Modern ruthenium based olefin catalysts encompass a range of complexes able to readily generate a 14 electron catalytic active species of the generic formula (L)(X2)Ru=CRR’ (L being a phosphine ligand in first generation catalysts).
The first well-defined catalysts of this type, discovered by Grubbs in the early 90’s, feature a ruthenium metal center flanked with two donor ligands, two anionic ligands and an alkylidene moiety. Important examples of such catalysts include the phosphine/benzylidene catalyst (known as the 1st generation Grubbs catalyst, I), and its dimethylvinyl alkylidene analogue II. These catalysts tolerate a wide variety of functional groups and are soluble in arenes and chlorinated solvents. For these catalysts, the active catalytic species is generated by dissociation of one phosphine ligand. In the case of the 1st generation Hoveyda-Grubbs’ catalyst (III, an even more robust catalyst), the dissociative ligand is a chelating ether.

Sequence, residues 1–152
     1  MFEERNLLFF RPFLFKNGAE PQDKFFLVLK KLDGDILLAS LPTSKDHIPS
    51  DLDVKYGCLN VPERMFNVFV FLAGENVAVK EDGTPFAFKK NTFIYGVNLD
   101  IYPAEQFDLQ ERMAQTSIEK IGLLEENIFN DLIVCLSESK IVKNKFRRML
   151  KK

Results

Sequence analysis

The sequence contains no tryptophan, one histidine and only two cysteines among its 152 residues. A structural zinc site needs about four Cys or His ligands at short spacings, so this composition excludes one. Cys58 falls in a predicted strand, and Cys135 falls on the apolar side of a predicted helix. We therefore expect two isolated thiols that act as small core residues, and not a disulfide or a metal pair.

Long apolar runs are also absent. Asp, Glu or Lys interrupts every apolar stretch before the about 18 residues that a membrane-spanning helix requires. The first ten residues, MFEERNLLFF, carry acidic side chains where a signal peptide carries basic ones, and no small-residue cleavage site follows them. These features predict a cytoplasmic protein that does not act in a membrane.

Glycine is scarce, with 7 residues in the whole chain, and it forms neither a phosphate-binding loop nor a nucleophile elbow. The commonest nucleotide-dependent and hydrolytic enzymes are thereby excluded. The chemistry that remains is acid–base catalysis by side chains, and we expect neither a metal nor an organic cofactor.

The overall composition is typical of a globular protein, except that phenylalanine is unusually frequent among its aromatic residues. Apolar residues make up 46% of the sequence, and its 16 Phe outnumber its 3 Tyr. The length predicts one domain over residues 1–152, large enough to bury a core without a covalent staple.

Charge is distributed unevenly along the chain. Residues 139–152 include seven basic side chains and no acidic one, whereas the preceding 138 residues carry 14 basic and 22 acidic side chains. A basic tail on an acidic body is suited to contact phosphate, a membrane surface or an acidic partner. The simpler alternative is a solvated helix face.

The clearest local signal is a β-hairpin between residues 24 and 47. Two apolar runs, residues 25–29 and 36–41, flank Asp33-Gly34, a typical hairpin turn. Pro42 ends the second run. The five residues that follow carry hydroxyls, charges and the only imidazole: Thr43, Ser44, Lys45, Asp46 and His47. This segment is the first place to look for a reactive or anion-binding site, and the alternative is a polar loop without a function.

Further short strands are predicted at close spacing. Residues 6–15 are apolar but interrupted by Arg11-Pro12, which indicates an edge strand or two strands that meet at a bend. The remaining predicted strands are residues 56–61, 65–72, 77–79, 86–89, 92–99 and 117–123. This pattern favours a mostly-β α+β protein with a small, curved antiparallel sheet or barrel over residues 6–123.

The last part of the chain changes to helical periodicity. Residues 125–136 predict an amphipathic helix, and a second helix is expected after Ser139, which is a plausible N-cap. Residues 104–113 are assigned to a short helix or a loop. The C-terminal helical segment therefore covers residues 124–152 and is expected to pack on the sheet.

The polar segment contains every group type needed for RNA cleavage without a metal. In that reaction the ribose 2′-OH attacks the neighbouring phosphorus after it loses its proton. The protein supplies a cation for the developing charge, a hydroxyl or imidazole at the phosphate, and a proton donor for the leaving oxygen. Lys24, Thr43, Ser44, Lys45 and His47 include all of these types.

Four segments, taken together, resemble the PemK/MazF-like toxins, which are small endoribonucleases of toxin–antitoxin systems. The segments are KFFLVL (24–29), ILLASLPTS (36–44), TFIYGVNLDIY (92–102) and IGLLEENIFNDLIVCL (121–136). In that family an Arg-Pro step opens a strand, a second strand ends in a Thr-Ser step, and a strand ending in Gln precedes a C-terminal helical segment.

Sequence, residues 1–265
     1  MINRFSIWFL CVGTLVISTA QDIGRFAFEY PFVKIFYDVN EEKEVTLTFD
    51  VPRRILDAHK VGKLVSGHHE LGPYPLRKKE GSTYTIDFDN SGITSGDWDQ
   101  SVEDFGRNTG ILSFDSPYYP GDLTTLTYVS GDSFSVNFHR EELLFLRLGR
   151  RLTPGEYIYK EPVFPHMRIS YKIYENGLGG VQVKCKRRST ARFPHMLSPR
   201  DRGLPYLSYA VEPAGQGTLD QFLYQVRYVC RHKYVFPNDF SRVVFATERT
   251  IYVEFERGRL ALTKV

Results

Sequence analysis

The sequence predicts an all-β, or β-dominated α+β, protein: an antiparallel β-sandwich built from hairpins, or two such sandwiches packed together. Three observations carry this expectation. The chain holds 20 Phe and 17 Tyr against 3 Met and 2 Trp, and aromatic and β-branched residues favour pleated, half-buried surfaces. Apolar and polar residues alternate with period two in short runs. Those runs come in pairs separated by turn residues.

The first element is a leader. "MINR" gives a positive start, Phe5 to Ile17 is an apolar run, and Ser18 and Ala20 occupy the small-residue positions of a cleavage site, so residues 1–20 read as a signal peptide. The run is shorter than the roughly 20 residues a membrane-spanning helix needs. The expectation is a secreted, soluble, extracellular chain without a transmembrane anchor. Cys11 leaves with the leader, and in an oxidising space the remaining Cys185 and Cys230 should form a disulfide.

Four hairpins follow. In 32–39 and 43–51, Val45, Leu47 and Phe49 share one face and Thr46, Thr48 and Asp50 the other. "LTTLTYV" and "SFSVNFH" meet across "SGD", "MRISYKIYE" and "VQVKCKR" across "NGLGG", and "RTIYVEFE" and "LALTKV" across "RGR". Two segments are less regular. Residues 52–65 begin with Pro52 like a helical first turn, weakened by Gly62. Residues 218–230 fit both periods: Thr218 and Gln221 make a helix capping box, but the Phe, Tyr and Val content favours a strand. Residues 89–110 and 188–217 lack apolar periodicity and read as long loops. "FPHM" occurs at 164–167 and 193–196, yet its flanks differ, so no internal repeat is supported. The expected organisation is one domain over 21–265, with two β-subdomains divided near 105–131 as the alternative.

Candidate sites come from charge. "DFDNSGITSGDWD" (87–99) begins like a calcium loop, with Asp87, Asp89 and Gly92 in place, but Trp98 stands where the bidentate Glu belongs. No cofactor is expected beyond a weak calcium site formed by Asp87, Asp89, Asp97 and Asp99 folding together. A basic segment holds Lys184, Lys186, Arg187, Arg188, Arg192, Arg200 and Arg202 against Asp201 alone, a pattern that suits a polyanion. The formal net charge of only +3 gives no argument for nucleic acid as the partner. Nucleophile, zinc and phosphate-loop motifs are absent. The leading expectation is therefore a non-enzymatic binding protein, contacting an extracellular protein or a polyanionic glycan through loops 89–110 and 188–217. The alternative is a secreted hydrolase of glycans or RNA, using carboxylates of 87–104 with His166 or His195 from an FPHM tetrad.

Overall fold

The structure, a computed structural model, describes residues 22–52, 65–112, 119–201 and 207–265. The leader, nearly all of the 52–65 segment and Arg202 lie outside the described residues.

All the previous catalysts are ML5 complexes that have a distorted square pyramidal geometry with the alkylidene moiety in the apical position. More recently, ML4 complexes have become known. The cationic 1st generation Piers catalyst (IV) is an example. This catalyst doesn’t require ligand dissociation prior to activation because it starts out with a vacant coordination site.